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Irish passports rush gathers pace as Brexit fears mount

By Jon Vale

The number of Irish passports issued in Britain is set to almost double this year compared with the last full year before the EU referendum, Ireland's ambassador to the UK has said.

Dan Mulhall pinned the surge in demand squarely on the Brexit vote, with Ireland remaining inside the European Union and the UK set to leave.

Approximately 50,000 Irish passports are usually issued in Britain each year, the ambassador said.

He told BBC Radio 4's Today programme: "I'm responsible for our passport operation here in Britain, and for the five years up to last year the demand was pretty flat. Last year it rose by 40%.

"That rise was all in the second half of the year, so we have to attribute that to the impact of last year's referendum. So far this year, we've seen another increase. It looks as if we are going to be close enough to doubling the number of passports compared with 2015, so there has been a significant rise, not just in Britain, but also in Northern Ireland."

Mr Mulhall said that some 500,000 Irish passports were issued to applicants around the world in the first half of this year alone.

"That's an extraordinary number of passports, well up on our previous numbers, which means that people around the world - many of them may be British people living in Europe, living elsewhere, with Irish connections - are looking for Irish passports in order to safeguard their position for the future," he added.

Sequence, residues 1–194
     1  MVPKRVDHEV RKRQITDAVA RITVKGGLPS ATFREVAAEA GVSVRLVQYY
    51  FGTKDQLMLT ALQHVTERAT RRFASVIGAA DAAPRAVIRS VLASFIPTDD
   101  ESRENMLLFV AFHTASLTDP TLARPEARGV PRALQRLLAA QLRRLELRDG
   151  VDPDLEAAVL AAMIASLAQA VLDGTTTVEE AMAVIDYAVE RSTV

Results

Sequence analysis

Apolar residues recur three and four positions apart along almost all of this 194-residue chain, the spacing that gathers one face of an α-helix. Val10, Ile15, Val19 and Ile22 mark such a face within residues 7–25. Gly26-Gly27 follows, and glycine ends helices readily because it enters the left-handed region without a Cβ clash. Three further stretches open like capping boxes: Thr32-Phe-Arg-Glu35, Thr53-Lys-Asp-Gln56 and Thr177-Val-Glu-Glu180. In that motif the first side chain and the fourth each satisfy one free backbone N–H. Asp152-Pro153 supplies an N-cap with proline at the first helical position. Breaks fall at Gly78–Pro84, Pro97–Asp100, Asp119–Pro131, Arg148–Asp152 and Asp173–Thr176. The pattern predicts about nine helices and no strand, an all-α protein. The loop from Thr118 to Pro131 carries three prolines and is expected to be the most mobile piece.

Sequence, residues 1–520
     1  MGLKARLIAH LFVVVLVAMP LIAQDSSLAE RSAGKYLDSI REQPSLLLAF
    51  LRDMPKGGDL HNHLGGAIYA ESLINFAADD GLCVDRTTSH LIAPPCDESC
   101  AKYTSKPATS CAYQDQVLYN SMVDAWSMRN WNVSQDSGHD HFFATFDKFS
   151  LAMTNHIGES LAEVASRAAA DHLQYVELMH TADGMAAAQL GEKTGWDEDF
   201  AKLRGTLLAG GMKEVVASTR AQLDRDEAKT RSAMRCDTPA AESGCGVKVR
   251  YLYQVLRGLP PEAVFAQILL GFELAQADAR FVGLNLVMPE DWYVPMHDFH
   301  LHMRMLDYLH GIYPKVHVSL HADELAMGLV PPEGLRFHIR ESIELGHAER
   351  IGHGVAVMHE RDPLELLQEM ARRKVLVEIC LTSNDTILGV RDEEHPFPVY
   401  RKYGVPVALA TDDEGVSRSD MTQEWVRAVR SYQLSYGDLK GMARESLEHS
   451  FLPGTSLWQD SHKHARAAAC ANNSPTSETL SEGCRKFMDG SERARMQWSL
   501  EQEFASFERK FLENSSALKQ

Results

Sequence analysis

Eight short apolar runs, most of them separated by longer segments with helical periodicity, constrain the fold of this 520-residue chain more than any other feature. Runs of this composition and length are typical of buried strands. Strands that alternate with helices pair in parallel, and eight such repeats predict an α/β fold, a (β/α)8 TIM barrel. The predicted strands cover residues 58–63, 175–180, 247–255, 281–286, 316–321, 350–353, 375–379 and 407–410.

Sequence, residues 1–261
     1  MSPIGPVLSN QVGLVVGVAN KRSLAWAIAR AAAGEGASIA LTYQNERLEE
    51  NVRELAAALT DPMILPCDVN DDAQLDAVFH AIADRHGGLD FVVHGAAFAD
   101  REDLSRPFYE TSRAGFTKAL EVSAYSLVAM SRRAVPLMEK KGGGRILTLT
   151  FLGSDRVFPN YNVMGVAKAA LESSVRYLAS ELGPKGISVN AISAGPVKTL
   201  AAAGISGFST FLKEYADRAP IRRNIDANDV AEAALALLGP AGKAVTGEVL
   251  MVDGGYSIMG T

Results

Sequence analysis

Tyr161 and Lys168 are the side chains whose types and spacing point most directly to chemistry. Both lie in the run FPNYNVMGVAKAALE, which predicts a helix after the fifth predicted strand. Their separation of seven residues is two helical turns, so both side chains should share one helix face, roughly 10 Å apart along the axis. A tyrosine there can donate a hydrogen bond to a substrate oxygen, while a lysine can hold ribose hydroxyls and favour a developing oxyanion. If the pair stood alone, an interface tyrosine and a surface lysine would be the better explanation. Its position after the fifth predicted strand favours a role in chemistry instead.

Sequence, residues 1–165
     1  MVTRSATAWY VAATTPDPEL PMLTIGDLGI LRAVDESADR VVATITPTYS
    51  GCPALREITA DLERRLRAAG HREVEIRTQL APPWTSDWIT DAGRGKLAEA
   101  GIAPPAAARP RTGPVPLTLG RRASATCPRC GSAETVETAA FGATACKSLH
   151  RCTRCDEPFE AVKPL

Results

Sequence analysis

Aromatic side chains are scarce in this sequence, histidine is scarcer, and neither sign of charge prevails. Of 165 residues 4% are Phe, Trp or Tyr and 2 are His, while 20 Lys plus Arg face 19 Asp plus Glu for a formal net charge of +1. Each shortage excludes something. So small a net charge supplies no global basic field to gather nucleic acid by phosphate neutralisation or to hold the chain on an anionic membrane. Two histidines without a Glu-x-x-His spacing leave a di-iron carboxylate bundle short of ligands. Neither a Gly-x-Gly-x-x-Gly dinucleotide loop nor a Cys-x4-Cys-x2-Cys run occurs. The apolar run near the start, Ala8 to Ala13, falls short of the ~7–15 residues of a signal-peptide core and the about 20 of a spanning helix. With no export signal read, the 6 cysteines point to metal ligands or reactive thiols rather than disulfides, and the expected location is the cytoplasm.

Mr Mulhall said a hard border was neither feasible nor practical and he stressed the need to find flexible and creative solutions to the looming problem.

"The clock is ticking now, time is moving on," he warned.

"I suppose you're hearing a bit of urgency on our part, not least to have an Executive up and running in Northern Ireland, so that they can contribute to this very important debate."

Mr Mulhall also said that Ireland ideally wanted the UK to remain in the EU customs union.

He added: "I think people are now beginning to realise the complexities of leaving the European Union, and there's a debate developing here.

"We're making our position clear, which would be ideally we would wish Britain to remain in the European Union, but that's not going to happen.

"We would like Britain to remain in the single market - that may not happen.

"But we think putting forward our view that remaining in the customs union would resolve many of these issues on the border of the isle of Ireland, that seems to us to be a practical solution."

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